Museo Nazionale Romano, Rome

Museo Nazionale Romano, Rome

The National Museum of Rome is a set of museums in Rome, Italy, split between various branches across the city. It was founded in 1889 and inaugurated in 1890, during the Risorgimento, with the aim of collecting antiquities from between the 5th century BC to the 3rd century AD.

The building was constructed in the neo-cinquecentesco style between 1883 and 1887 by architect, Camillo Pistrucci to house a Jesuit seminary. It was initially used as a military hospital during the Second World War, but later it was acquired by the state.

The museum accommodates the sculpture, coins and jewelry collections. Its first collection was formed from the archeological collections of the Museo Kircheriano and the numerous new discoveries in Rome after it became new capital of the new Kingdom of Italy. The notable attractions are the sculptures of the period between the late Republic and the early imperial period as well as from the baroque periods.

The museums archeological collection is not only the best in Rome but also well acclaimed worldwide. The most striking statue is that of Galate committing suicide with his sword after killing his wife to avoid her falling in hands of the enemy. The statue of Aphrodite on the temple on the Greek island Cnidos is an eye-catcher.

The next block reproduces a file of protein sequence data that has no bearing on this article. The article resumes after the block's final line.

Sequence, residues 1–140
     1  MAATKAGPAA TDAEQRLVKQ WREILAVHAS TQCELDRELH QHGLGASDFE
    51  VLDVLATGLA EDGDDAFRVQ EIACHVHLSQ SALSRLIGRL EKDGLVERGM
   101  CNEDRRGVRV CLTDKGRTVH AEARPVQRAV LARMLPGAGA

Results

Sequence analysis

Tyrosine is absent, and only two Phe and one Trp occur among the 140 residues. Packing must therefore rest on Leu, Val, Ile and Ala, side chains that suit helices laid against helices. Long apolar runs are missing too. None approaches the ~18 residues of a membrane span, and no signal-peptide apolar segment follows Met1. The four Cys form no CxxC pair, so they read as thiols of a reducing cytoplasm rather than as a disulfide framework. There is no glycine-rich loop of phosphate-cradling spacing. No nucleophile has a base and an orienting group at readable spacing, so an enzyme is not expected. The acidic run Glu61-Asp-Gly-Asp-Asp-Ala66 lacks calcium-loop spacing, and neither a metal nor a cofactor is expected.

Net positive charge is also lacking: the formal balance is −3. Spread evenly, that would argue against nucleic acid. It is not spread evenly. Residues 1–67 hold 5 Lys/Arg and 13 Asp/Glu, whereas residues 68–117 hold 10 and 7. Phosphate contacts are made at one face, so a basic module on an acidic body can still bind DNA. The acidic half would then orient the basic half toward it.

The Museum's numismatic collections include great currency in Italy. Most of the coins on display in the collections are very rare like Theodoricís medallion, the four ducats of Paul II with the navicella of St Peter, and the silver piastre of the Pontifical State with views of the city of Rome.

The most famous inscriptions are housed in the first room. There is a sixth-century BCE monument that was discovered below the Lapis Niger, and the Lapis Satricanus, an equally ancient inscription mentioning Valerius Publicola along with an old dedication to Castor and Pollux. In addition, there are finds from the Tiber related to the cult of Asclepius, the statues from Ariccia, and the inscription that was recently discovered near the Meta Sudans. On the third floor, you will find the inscriptions from ancient Judaism, Mithraism, and Christianity.

Museo Nazionale Romano remains open from Tuesday to Sunday from 9:00 am to 7.45 pm, except on Mondays.

Museo Nazionale Romano, Rome